SPV Structures in housing projects
As the name suggests, SPVs are formed for a special purpose. As mentioned above since the operations of an SPV are limited, SPV’s power are limited to what that specific purpose is and its life is destined to come to an e end when that purpose is achieved. SPVs can be compared to a subsidiary company whose obligation are secured even if the parent company goes bankrupt. The parent corporation sponsors the SPV for a particular purpose. The key is isolation – of assets, an activity, and the operation from rest of the sponsor/investor entity. This isolation is of immense importance as it makes the investment activity more appealing for the external investment authority as they are secure from the generic risks of the original entity.
Generally, the SPV does not hold any offices, employees or management. However, depending on the financial structure the parent entity intends for the SPV to take, there might be shareholder agreements, or joint venture agreements. This means that the parent entity has a choosing what the right structure for a particular SPV is,. It can be a company, a mutual fund, a society, a firm, or a statutory corporation. Depending on the structure chosen, the respective regulations or legislations will apply to the formation of the SPV.
An SPV is capable acquiring, holding and disposing of assets. The main activity that an SPV can undertake is that of securitization of assets. It has a distinct identity from it sponsors, shareholders, or promoters. It is not generally capable of becoming bankrupt in the event of its inability of payment of the securitized papers issued by it.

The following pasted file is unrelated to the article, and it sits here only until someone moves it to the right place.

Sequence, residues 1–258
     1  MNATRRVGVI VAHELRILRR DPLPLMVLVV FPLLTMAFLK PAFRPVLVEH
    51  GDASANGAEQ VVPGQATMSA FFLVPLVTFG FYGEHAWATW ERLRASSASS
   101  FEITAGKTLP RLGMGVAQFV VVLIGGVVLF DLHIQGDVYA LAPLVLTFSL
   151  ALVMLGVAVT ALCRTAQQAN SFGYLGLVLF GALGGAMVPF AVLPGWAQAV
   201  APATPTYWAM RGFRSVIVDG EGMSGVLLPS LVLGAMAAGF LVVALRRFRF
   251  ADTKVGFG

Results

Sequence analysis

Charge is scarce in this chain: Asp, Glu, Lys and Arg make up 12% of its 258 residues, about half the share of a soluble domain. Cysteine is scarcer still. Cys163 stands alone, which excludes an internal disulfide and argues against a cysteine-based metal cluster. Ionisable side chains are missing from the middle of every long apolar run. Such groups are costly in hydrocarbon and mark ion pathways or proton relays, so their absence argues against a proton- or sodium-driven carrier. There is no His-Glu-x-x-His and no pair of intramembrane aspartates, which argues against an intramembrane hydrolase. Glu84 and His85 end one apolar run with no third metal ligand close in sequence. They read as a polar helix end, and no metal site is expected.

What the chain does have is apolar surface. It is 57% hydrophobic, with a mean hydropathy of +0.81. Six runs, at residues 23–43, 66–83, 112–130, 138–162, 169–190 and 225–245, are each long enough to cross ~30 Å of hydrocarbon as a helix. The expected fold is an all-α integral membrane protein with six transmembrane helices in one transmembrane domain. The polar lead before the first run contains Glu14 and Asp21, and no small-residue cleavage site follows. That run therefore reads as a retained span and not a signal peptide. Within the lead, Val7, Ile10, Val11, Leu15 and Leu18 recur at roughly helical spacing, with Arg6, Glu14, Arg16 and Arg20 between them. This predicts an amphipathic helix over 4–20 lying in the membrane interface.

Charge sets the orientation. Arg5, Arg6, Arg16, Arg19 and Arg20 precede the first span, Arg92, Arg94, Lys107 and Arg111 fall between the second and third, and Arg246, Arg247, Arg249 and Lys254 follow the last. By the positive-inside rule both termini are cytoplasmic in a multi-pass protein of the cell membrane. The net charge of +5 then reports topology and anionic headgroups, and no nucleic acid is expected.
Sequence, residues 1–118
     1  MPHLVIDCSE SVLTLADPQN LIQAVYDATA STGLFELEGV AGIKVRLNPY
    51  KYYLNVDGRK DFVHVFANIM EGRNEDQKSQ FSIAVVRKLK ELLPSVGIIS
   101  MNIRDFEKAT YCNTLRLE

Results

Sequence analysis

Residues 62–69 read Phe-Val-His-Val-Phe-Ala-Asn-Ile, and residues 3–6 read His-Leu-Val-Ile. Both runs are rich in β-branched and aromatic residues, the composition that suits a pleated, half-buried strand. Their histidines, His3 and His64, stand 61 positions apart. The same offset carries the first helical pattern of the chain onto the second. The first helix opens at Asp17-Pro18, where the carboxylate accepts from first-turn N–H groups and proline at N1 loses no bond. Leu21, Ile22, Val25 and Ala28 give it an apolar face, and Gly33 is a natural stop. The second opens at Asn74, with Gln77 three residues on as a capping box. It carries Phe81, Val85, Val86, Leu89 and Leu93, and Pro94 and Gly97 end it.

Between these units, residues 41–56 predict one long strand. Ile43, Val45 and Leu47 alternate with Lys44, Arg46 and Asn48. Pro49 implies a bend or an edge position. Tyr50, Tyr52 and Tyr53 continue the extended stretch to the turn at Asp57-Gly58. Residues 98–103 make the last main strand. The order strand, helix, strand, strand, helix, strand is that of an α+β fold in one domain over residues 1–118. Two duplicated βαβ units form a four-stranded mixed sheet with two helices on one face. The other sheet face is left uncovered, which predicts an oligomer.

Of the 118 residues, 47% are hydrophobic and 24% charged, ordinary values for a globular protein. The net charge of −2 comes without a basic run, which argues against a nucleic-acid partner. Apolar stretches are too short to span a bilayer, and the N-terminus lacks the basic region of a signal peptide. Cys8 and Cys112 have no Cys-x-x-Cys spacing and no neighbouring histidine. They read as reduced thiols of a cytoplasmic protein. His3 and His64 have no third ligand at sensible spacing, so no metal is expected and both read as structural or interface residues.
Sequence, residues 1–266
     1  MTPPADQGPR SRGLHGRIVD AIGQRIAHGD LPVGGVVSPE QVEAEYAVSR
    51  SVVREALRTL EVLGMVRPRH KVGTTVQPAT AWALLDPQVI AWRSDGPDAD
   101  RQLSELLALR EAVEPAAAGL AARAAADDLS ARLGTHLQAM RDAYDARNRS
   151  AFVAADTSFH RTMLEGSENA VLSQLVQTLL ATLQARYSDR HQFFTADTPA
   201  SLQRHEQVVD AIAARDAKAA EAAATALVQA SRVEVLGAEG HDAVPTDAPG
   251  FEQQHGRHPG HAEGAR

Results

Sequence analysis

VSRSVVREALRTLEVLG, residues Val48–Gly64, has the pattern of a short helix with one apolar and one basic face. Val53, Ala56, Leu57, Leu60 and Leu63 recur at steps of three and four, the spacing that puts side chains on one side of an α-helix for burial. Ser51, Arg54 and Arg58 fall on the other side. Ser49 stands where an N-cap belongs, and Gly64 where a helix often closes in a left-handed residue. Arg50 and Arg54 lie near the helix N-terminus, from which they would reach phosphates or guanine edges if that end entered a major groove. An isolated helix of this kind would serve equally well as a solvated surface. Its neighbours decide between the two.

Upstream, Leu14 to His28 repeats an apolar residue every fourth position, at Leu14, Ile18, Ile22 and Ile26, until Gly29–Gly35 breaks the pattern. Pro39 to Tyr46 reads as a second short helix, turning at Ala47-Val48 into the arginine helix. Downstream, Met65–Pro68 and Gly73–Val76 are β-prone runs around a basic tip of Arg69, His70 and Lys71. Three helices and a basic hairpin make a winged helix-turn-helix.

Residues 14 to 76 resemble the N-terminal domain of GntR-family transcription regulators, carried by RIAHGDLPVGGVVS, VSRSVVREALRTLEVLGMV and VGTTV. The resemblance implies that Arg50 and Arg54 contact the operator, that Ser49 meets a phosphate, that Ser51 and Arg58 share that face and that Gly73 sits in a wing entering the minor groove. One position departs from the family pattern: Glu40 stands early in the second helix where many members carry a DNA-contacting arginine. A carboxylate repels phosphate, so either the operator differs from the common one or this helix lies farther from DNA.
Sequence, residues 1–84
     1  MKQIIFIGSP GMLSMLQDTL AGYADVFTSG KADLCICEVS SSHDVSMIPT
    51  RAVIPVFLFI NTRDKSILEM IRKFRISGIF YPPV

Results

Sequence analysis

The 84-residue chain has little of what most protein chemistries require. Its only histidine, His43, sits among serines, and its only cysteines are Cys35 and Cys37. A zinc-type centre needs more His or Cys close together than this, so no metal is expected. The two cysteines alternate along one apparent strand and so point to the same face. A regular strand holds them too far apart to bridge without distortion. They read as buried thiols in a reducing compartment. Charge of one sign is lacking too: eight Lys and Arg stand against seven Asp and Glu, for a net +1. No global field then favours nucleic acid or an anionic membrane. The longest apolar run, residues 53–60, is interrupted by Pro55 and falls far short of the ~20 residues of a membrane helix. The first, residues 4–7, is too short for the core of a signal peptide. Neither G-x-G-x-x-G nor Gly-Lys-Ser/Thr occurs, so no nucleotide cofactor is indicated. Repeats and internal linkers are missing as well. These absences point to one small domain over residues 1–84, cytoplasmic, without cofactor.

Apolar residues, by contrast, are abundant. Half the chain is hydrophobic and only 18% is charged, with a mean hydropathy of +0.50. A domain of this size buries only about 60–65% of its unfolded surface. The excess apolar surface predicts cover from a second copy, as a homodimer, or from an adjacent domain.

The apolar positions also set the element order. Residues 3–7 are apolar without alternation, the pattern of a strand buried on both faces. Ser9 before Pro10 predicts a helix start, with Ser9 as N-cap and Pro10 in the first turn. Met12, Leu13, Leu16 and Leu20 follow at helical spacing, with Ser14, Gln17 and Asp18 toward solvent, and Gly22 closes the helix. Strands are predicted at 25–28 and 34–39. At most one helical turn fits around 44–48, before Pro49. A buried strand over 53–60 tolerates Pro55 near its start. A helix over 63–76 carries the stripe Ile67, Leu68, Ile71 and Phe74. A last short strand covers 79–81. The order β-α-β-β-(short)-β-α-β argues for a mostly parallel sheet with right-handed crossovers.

Types of SPV
SPVs Formed by Banks/Financial Institutions For Securitization
The total assets of banks or financial institution mainly comprise of loans and receivables along with their future cash flow to a separate entity, which may be formed for a specific purpose. The SPV is allowed to raise debt which will be backed by these receivables and their future cash flows. The difference between the incomes received from these receivables and cost of servicing that debt will be profit/earning of the SPV. By securitization through SPV the risk involved in this activity is separated from the general business of the bank.
SPVs formed by Government under PPP
We have witnessed a trend by government sector entities by forming SPVs for specific projects. The PSUs operating in infrastructure industry float entities with investment from Central and State Government and a portion by Private Sector Participant. It provides convenience in obtaining approvals from the State and Central Government at many levels. On completion of project easy exit route exists for government.
SPVs by FII
Foreign Companies also resort to SPV route by foreign companies to enter into areas of business in India, which are prohibited for them under Automatic route. The foreign policy does not permit foreign investors to invest in certain business activities in India without the approval from FIPB. As a result, the foreign investors take SPV route to reach the Indian Markets.